There’s a new live-fire barbecue pit at Callsign Brewing in the Northland

Jared Wolfe’s original plan was to call his barbecue pit Lone Wolfe. That, he quickly came to feel, would be living a lie.

“I didn’t feel like it was a good fit, to be honest,” he says. “I definitely learned I cannot do this myself, and I’ve built a team around me. It’s not a small feat to try and do this. I’ve learned that if I didn’t have the support I do, there’s no way I could do this.”

And so the solitary Lone Wolfe evolved into the more humble and cooperative Wolfepack BBQ, a just-launched barbecue operation at the massive new Callsign Brewing space on Burlington Street in North Kansas City. It’s a live-fire pit where prime Creekstone brisket and heritage-breed pork will be cooked over oak and hickory, with no gas assist. Wolfe’s operation is in the pop-up phase now, but it will expand into a standing space soon—Wolfe is building his own thousand-gallon offset smoker from an old propane tank. 

Wolfe is thirty-two and a lifelong resident of Platte City, north of the airport. In his mid-twenties, he was working as a salesman for an automation company, which meant being on the road all the time. “It took a toll on me,” he says. “I had to make a decision. I figured I’m young enough now; I’m going to chase my passion for the next three or four years.”

That meant barbecue, which he’d learned about by hanging out with buddies on the competition scene and doing a little judging.

He found himself adapting his sales gig to his passion by targeting clients in the barbecue belt. His conversion came from a spot you don’t hear mentioned much by fellow craft barbecue, the charcoal-grilled racks at Rendezvous in Memphis.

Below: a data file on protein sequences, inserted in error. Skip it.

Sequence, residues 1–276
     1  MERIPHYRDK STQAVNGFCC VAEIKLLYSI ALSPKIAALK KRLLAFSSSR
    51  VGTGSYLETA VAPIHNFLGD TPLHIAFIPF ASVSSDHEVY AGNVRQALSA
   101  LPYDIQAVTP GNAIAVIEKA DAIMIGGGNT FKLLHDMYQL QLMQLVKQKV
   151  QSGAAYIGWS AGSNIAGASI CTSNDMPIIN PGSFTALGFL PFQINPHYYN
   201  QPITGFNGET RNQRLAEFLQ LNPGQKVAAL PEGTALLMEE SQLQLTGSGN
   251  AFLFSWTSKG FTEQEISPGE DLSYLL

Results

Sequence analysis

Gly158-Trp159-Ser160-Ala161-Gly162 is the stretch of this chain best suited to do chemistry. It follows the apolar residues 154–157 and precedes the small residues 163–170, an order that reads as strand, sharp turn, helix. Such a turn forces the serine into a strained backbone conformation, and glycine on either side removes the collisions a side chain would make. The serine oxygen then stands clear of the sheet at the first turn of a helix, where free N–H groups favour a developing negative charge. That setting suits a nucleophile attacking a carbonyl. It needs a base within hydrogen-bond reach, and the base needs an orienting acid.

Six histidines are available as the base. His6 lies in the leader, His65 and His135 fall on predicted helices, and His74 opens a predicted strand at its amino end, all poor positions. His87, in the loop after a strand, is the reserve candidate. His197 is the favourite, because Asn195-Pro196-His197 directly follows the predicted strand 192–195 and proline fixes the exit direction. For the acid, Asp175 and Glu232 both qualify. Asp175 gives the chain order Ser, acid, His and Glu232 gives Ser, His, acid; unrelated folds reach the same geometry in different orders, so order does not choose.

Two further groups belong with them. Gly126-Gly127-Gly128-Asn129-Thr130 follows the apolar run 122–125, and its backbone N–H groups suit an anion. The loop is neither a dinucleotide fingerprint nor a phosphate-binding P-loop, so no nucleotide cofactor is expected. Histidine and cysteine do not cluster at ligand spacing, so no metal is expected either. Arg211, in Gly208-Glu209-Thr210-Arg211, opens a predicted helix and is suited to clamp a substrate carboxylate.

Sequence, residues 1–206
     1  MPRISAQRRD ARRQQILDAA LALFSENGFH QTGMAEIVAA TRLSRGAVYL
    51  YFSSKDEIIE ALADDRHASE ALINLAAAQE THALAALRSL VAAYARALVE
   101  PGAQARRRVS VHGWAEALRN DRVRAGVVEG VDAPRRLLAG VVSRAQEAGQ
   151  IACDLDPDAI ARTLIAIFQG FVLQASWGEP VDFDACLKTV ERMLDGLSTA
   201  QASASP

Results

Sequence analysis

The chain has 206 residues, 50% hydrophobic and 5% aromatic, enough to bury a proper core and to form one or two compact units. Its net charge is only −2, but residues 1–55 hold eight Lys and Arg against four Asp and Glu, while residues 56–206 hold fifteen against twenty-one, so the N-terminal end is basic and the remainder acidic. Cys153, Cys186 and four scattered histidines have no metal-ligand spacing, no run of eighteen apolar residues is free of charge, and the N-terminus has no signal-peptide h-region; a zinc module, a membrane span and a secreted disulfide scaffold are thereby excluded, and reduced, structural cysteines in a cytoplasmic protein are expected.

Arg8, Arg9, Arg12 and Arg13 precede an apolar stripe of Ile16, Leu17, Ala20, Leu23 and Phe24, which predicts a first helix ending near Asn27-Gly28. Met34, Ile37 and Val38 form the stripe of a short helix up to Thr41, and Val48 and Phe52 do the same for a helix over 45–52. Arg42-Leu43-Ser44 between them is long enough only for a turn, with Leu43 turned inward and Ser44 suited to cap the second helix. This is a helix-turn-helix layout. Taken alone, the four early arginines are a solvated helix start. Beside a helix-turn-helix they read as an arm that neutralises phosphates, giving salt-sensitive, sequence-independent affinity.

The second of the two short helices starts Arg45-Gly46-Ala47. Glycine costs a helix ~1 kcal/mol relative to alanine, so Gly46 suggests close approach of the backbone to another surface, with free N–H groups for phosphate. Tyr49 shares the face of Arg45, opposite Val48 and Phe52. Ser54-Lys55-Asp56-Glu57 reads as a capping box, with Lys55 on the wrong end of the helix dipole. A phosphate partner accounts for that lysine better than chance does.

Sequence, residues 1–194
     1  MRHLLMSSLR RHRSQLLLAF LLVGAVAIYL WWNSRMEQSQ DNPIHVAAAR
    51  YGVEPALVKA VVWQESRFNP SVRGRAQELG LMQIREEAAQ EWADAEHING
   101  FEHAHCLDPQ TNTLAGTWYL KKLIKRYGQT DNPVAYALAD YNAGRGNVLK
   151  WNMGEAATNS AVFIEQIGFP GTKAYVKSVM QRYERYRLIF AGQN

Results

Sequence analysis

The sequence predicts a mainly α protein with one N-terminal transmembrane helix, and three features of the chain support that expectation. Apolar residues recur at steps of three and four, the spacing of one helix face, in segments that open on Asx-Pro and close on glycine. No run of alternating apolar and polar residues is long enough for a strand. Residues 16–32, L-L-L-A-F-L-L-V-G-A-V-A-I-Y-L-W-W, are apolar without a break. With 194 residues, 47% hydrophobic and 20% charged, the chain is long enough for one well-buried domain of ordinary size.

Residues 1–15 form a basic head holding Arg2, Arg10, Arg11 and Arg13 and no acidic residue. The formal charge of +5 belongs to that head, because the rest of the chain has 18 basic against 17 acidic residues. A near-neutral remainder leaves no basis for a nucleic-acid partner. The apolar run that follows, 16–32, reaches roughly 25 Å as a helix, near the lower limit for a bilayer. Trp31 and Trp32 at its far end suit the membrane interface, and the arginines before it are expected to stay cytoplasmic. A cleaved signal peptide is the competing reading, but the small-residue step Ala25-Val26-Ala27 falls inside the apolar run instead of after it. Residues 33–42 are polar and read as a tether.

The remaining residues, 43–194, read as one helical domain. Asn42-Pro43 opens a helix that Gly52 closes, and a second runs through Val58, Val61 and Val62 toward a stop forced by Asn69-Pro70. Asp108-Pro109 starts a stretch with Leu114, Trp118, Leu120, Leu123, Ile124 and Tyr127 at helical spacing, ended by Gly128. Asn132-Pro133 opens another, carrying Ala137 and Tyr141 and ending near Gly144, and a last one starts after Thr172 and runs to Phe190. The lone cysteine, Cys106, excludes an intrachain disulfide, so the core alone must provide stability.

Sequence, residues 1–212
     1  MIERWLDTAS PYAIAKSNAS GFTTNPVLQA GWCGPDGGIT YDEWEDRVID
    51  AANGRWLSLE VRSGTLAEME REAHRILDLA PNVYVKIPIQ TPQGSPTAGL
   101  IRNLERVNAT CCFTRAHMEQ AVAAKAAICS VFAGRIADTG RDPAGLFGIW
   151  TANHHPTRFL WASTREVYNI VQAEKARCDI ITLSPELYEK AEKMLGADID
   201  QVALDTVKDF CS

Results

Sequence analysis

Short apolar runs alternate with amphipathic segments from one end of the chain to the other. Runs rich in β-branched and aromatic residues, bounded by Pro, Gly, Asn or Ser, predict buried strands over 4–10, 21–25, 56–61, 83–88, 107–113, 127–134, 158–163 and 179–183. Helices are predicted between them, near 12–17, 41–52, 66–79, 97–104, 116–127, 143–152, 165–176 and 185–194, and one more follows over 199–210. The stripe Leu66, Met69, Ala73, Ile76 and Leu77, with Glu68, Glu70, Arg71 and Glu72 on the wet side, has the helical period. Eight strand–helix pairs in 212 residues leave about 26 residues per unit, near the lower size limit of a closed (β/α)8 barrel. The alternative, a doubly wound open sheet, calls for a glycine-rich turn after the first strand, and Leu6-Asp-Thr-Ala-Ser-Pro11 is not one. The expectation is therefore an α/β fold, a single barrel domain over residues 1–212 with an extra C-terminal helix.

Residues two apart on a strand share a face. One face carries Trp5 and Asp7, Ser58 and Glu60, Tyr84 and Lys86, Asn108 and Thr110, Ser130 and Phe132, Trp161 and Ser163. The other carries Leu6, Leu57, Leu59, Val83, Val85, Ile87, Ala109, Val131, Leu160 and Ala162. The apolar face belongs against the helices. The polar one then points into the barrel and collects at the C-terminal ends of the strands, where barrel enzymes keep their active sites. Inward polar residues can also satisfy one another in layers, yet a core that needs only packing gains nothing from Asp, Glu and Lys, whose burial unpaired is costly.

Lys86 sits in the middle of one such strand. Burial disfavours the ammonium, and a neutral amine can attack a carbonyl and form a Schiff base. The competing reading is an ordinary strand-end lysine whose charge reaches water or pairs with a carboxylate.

“I was a rib guy,” he says. “I hated Kansas City brisket. It was shaved and always dry to me—I just didn’t like it growing up.”

After being bit by the ’cue bug, Wolfe took a job as the pitmaster at Scott’s Kitchen near the airport, one of the region’s elite but oft-overlooked spots. He worked at Jousting Pigs, too, then moved on to help at Fox & Fire, which was at Callsign for years before moving up to Kearny early last fall. If that sounds like a lot of pitmasters swapping spaces and knowledge, it’s because that’s how Wolfe sees “the new wave” of barbecue going. 

“It’s almost becoming like the beer scene,” he says. “Everyone’s helping everyone else.”

Callsign Brewing just moved into a massive new 33,000-square-foot space, where there will eventually be two food spots. Wolfepack will be on the sell-out model and make only what they know they can serve fresh. Presently, they’re operating as a pop-up with inside seating in the brewery. Look for a proper restaurant operation open inside the brewery sometime this summer: They’re shooting for May or June, but given delays in everything right now, it might be the Fourth of July. 

At Wolfepack, you can expect house-made pickles and sauce and a steady stream of innovative ’cue-based cuisine. Among the offerings planned are potstickers, pot pie and Wagyu hot dogs from KC Cattle Co.

“There are twenty different ways to make a potato salad—why not have some fun?” Wolfe says. “We’re going to keep pumping out fresh stuff, and we’re going to have fun with it. We want it to be an experience every time.”

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